Get With the (Witness Protection) Program

The night did not start smoothly. The Greede Family, one of the opening bands, caused havoc when Paradise management had to cut off their electrical power after their show ran too long.

Refusing to relinquish the spotlight, they roamed the stage saying, “Fuck that, you’re all here to see us.”

The stage finally cleared when a scuffle broke out and security intervened.

“It was unfortunate, but it wasn’t that serious,” said WPP keyboardist Dr. ATM. “It was just a bunch of drunk guys who wouldn’t get off the stage. In music I guess you run into these situations where it’s just out of your control…There’s very little you can do.”

He says he thinks the Paradise turned away at least a hundred people who arrived just after the bust.

But the WPP was unfazed by the incident.

“In the [pre-show] huddle, we all looked at each other and we were like, ‘We’re not going to let this interfere with our music. We’re not even going to think about it,’” ATM said.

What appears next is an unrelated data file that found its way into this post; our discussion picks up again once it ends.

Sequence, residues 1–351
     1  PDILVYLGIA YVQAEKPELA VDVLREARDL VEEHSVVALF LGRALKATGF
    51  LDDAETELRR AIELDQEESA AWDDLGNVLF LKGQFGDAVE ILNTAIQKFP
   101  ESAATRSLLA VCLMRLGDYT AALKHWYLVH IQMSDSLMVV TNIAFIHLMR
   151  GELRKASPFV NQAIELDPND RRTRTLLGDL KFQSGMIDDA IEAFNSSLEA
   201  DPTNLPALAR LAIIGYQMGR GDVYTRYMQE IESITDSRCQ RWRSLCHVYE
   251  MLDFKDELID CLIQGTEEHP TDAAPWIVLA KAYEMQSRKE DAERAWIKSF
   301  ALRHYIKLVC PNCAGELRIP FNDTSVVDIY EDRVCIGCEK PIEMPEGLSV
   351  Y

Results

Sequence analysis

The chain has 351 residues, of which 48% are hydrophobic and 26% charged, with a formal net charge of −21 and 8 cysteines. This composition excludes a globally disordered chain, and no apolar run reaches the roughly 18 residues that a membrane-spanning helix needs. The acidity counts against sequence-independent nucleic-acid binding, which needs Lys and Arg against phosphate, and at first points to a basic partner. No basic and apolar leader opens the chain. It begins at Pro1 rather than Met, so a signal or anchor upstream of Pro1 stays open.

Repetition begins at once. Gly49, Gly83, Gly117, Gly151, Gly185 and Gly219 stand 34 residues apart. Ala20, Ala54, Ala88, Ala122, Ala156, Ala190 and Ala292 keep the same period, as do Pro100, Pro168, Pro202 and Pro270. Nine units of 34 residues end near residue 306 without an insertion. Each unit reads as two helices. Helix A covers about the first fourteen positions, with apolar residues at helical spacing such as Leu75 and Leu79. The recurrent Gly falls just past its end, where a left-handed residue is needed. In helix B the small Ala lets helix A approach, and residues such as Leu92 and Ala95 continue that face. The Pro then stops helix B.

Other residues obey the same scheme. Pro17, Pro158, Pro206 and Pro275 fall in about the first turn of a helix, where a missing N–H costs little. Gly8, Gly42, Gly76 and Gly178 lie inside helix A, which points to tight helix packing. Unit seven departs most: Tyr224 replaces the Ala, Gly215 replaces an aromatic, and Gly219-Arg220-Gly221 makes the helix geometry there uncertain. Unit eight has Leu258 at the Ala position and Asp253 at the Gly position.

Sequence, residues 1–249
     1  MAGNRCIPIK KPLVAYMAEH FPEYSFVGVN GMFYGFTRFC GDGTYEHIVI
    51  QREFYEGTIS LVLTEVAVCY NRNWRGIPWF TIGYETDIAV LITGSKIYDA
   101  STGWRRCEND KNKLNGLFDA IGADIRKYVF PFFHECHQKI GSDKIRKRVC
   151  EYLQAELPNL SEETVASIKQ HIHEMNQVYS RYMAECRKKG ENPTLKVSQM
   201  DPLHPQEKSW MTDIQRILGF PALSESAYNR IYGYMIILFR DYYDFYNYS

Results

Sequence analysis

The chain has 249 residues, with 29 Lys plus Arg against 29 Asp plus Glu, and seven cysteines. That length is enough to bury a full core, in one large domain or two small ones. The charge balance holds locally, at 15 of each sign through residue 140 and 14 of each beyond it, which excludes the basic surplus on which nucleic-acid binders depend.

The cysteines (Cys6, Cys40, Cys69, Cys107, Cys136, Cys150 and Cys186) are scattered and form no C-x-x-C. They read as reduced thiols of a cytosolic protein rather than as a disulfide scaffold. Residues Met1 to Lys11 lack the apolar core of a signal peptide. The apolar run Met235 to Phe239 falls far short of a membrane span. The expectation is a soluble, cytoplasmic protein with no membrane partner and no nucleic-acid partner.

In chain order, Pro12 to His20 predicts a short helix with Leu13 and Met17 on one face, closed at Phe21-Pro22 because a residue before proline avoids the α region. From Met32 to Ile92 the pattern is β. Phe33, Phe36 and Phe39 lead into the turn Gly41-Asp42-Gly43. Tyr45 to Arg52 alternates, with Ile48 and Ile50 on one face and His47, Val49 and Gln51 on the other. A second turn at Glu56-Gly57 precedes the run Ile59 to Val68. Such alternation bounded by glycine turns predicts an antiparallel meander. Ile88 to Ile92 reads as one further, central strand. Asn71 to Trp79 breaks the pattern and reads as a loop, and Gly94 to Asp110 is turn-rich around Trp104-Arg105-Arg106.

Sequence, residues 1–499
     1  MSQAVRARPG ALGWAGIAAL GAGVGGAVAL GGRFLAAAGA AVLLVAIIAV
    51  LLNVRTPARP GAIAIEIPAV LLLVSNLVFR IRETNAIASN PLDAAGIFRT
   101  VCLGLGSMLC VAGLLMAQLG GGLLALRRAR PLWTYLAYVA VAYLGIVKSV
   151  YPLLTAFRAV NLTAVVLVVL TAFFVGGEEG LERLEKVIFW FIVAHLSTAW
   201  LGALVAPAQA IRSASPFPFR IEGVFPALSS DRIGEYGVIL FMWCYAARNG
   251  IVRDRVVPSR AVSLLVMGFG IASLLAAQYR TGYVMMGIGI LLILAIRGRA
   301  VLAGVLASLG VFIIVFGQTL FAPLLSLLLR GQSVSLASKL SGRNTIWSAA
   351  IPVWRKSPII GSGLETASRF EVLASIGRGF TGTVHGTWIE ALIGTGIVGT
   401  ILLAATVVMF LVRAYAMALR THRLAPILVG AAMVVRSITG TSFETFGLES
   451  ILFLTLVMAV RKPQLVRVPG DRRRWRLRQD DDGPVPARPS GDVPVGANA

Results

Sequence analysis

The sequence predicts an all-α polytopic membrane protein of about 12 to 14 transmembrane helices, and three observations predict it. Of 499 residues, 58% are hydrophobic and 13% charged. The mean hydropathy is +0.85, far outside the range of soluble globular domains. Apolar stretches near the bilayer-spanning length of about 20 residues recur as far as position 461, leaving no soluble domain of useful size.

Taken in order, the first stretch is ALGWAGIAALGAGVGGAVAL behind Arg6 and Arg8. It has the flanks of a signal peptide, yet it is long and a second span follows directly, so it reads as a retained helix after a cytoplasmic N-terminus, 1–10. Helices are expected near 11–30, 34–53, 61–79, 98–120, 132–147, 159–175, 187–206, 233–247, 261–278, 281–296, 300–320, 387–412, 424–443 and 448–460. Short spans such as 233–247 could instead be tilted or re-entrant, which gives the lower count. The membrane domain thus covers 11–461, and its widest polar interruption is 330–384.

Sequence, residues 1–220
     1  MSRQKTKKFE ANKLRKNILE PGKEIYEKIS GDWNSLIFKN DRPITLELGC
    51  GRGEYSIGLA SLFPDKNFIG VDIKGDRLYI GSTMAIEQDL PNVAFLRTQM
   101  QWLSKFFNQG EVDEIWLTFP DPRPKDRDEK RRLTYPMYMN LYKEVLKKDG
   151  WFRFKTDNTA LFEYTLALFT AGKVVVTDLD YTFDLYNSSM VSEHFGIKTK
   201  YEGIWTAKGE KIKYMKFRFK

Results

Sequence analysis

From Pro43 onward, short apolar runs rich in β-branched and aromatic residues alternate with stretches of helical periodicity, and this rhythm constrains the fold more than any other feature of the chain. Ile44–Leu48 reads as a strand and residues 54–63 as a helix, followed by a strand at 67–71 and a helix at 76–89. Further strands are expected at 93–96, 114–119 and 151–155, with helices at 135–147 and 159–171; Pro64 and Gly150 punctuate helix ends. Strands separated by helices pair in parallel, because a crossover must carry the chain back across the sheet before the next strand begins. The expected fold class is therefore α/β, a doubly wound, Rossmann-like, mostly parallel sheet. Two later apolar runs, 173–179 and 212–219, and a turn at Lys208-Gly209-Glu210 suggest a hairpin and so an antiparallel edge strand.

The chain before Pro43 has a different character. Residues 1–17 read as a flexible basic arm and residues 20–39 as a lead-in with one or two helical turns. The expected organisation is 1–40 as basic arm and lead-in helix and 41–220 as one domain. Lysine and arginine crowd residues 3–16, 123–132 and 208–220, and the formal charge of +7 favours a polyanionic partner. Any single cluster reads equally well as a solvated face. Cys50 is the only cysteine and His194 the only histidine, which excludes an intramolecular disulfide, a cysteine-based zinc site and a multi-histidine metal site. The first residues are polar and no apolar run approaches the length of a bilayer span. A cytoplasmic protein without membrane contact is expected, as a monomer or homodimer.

Peace was restored when the WPP took the stage—and a different kind of onslaught began.

“In the words of LL Cool J, Paradise is very nice,” MC Absurd told the cheering audience as the band, complete with guitar, bass, percussion, keyboard and turntables, filled out the stage. The WPP proceeded to break into their fiery opener “Beast (v.).”

“It’s beast as a verb,” ATM told The Crimson. “Like, I will beast your world. I will beast your existence.”

With the song’s powerful riffs and beats, it’s safe to say the audience’s existence was beasted.

The hour-long set went on to bend genres in the WPP’s unique style.

The heavy, guitar-led “Dip the Tip” was bolstered by an elaborate drum solo from PK-1. “Carol of the Bells” cleverly worked the Christmas folk melody into a modern hip-hop framework.

Although they take their music seriously, the WPP says they’re just a bunch of guys looking to enjoy themselves and have fun with the audience.

For instance, Benny from the ’Burbs used the show to show off his elegant T’ai Chi moves. During “The Covex Dance,” Covex (turntables) rolled up one pant leg and shimmied on a single foot in a circular motion.

“Everyone has to jump up and down,” Absurd said. “Or if you’re disabled, do the Covex dance, which would make you look disabled anyway.”

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